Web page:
The same types of sensitive private information of American consumers (names, birth dates, social security numbers, etc.) were exposed as in the May–July breach, according to Motherboard. Additionally, the security researchers said they were able to gain shell access on Equifax's servers and discovered and reported to Equifax additional vulnerabilities. According to the reporting, despite receiving this warning from the security researcher, the affected portal was not closed until six months later in June, well after the March and May–July breaches had begun. Moreover, the employee portal was reportedly not the same server targeted in the later breaches, which Motherboard speculates may suggest multiple breaches by more than one party may have occurred.
March 2017 security breach
On September 18, 2017, Bloomberg News reported that Equifax had been the victim of a "major breach of its computer systems" in March 2017, and that in early March it had begun "notifying a small number of outsiders and banking customers" about this attack.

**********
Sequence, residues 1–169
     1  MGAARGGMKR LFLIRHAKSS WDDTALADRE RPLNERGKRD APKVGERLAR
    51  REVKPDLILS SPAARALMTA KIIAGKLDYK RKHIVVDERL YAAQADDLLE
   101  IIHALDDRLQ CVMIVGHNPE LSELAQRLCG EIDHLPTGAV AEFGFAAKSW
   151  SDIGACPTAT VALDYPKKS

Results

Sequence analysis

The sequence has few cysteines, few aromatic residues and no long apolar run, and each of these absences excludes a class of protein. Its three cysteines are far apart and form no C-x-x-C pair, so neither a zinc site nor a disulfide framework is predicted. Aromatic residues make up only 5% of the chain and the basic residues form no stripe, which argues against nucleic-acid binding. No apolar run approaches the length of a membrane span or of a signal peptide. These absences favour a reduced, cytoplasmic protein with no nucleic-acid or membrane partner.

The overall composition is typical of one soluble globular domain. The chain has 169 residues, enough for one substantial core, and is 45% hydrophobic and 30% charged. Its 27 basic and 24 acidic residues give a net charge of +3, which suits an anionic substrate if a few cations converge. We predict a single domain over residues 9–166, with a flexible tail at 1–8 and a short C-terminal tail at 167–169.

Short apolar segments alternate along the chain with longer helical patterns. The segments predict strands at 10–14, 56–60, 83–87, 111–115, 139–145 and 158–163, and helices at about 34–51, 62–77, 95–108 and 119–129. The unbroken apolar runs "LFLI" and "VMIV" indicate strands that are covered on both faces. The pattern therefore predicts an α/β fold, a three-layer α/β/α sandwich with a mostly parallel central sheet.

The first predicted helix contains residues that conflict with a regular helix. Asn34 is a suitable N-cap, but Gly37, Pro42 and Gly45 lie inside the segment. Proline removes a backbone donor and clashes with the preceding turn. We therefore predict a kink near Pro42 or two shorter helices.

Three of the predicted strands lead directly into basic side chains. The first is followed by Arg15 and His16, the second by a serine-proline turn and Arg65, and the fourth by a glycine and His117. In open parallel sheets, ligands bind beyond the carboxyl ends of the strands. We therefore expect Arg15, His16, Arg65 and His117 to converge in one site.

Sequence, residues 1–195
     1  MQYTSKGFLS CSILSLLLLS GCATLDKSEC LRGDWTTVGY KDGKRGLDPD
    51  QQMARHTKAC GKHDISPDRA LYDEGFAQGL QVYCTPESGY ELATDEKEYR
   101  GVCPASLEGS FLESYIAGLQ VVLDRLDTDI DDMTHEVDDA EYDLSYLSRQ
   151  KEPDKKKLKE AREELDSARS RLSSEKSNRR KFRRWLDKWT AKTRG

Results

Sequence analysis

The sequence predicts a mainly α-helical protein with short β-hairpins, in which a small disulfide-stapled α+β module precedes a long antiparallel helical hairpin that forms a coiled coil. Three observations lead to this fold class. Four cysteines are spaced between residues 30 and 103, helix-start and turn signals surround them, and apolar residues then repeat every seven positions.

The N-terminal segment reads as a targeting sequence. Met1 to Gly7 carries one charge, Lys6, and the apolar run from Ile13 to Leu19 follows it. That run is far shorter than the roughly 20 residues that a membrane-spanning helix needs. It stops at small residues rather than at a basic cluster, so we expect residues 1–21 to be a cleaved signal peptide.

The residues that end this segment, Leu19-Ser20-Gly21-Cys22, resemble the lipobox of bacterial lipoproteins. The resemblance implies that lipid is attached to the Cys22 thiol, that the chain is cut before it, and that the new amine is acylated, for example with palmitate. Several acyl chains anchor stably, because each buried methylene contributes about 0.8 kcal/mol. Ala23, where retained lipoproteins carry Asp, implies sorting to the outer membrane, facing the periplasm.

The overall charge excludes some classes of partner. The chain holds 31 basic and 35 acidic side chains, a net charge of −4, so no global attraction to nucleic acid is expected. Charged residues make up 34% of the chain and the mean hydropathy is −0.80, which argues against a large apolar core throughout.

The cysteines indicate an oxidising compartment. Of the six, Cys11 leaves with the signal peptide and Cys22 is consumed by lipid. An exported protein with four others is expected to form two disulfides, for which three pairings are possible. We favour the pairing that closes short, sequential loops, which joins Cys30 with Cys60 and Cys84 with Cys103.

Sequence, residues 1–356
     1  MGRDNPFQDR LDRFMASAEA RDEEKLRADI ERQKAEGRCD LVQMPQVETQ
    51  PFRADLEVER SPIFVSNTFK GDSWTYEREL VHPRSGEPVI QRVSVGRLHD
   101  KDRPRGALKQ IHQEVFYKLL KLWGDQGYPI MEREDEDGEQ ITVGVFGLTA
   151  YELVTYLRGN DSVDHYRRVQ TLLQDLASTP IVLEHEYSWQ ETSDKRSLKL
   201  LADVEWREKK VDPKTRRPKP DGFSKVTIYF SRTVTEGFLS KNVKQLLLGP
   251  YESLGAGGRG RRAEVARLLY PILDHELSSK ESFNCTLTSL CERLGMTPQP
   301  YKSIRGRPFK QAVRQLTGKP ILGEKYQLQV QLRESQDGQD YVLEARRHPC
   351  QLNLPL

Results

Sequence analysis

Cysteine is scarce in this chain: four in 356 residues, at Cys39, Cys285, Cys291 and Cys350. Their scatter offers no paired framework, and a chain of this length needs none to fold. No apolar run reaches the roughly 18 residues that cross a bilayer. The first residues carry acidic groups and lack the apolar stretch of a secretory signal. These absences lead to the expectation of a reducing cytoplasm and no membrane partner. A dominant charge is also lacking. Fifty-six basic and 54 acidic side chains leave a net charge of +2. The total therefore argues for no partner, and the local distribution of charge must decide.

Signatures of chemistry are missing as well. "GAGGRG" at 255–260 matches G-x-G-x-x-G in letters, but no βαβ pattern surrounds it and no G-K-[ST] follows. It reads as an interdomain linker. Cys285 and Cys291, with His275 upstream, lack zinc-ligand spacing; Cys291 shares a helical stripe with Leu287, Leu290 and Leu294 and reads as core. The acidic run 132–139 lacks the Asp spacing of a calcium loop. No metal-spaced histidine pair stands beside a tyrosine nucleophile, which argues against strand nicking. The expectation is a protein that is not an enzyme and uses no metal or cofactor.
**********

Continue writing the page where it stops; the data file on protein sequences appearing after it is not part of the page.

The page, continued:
According to Bloomberg, a person familiar with the breach believed this early-March intrusion may have been carried out by the same party that breached Equifax's computer systems again in May. According to Bloomberg, Equifax enlisted Mandiant (owned by FireEye, Inc.) to assist in investigating the March attack. The same cybersecurity firm was hired following the May–July breach.
May–July 2017 data breach
Between May and July 2017, yet-identified hackers were able to use a known exploit on one of Equifax' web servers that had yet to be updated to access the credit records of more than 140 million Americans as well as some British and Canadian citizens before the breach was detected and shut down. Equifax disclosed the breach on September 7, 2017 after determining the means and scope of the breach. The event was considered "one of the biggest data breaches in history."
Several consumers filed lawsuits in small-claims court against Equifax due to the breach, while Equifax later came to a $575 million settlement with the Federal Trade Commission to offer either a cash payment or credit monitoring for those affected by the breach. The data from the breach has yet to be seen on black markets or the dark web by security experts, making it difficult to identify the origin of the breach. However, in February 2020, the United States Department of Justice indicted four members of China's People's Liberation Army on nine charges related to the breach, which China has denied.